Inlet timing Vespa P PE PX
In today’s video and blog it is about measuring the intake angle, also called intake timing.
The intake angles should be within a certain range which is indicated in degrees crankshaft. The measurements always start as a fixed point from the top dead center, called OT for short.
The intake range is therefore divided into the values “before TDC” and “after TDC”, because the intake is opened before the top dead center and closed after passing the top dead center.
For a Vespa engine with rotary vane control, the values of approx. 100° F.T.S. and 65° N.T.S. have been found to be good for a good touring concept.
For very performance-oriented concepts which sometimes have to operate a higher engine speed, the values can also be significantly higher. 120° f.o.d. and up to 75° n.o.d. can be found here. The inlet angles should always be selected to match the desired concept. Here the principle is to make the intake area as large as necessary and as small as possible in order to reach the desired values.
The two-stroke heart of Platonika should be a powerful unit and therefore the inlet should be in the range of 100° F.T.O. to 65° N.T.O.
In order to determine the exact angle of one side, some tools and material are necessary.
-- engine case-
cylinder and piston-
-- Degree disc or similar measuring device
As it is very likely that the inlet area in the motor housing has to be machined to achieve the desired angles, the use of so-called bearing dummies is recommended.
With these dummies, the crankshaft can be removed from the engine case for machining as often as desired without stressing the bearing seats of the crankshaft or engine case each time and without wear and tear even before the engine is put into operation.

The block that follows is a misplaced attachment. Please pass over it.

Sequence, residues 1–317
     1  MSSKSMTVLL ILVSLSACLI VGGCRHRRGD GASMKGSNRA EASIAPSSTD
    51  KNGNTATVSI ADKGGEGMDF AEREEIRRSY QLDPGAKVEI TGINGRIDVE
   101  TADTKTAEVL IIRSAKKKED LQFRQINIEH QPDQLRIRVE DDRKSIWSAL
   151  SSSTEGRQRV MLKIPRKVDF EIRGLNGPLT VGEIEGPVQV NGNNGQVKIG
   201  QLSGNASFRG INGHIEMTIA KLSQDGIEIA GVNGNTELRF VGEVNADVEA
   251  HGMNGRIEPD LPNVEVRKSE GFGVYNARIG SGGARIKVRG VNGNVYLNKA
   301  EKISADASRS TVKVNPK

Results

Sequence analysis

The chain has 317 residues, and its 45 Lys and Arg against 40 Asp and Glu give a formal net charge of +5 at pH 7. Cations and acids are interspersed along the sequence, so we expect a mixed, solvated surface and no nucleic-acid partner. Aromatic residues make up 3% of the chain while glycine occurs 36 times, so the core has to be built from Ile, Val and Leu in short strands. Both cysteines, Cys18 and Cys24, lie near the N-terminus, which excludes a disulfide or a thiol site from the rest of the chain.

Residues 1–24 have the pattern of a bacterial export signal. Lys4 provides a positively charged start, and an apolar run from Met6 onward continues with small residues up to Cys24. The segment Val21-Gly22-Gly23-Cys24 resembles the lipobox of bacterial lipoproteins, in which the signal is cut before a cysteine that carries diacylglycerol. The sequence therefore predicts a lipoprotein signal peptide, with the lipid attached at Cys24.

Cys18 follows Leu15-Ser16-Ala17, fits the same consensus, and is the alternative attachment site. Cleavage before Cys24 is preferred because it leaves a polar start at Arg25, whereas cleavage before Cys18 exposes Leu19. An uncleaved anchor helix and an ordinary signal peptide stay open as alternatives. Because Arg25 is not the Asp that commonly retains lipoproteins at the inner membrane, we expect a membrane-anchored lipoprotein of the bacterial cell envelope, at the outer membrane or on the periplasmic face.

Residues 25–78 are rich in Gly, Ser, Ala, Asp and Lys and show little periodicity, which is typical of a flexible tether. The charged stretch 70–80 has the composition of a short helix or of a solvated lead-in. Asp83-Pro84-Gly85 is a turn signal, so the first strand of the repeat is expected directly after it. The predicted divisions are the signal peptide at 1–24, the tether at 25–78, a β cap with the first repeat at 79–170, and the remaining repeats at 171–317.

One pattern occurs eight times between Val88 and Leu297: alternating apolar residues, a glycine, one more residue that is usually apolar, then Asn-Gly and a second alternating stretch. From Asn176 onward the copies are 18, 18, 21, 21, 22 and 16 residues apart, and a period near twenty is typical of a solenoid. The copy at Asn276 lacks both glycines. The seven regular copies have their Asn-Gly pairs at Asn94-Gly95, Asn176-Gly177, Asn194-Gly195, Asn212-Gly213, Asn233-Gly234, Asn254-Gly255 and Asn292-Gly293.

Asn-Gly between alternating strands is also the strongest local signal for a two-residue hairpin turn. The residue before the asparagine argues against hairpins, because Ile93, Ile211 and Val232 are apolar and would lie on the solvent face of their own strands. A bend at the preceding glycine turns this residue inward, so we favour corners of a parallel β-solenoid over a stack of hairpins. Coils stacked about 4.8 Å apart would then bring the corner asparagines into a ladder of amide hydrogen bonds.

The bearing dummies are available for every size of the commonly used bearings in the Vespa and Lambretta range.
The first step is to insert the bearing dummies into the engine housing. Then the crankshaft is simply inserted into the bearing dummies and the engine housing is screwed into the stator housing via the stud bolts.
To determine the TDC, the cylinder and the piston are required. To ensure that the work is carried out smoothly, the piston is pushed into the cylinder without rings. The dial gauge is screwed onto the cylinder with the holder and thus the TDC of the crankshaft can be determined.
The alternator side of the crankshaft is fitted with a degree disc or a digital protractor. There are many different possibilities available. The easiest to handle are digital measuring tools such as the Buzz Wangle Grade Meter which does not need a reference point to the engine case.
If the crankshaft is in TDC, the degree disc, whether digital or analogue, is set to “0” and then the crankshaft is rotated to start and end of intake. The value, read on the dial, then shows when the intake is open or closed.
Increasing the intake time
In order to bring the inlet to the desired dimension, the crankshaft is moved to the desired value and the position of the crank web is marked on the engine casing.
Once this has been done for the value before and after TDC, the engine housing can be opened again and the crankshaft can be easily removed again thanks to the position dummies.
Caution is required when machining in the intake area. The surfaces sealing the rotary valve must not be less than 1 mm overlap with the crankshaft at the sides.
Once the inlet has been machined to the proper size and the crankcase has been cleaned of machining debris, the crankshaft is re-inserted for inspection.
The indicator is then used to check once again whether the desired control angles have been achieved or whether reworking is necessary.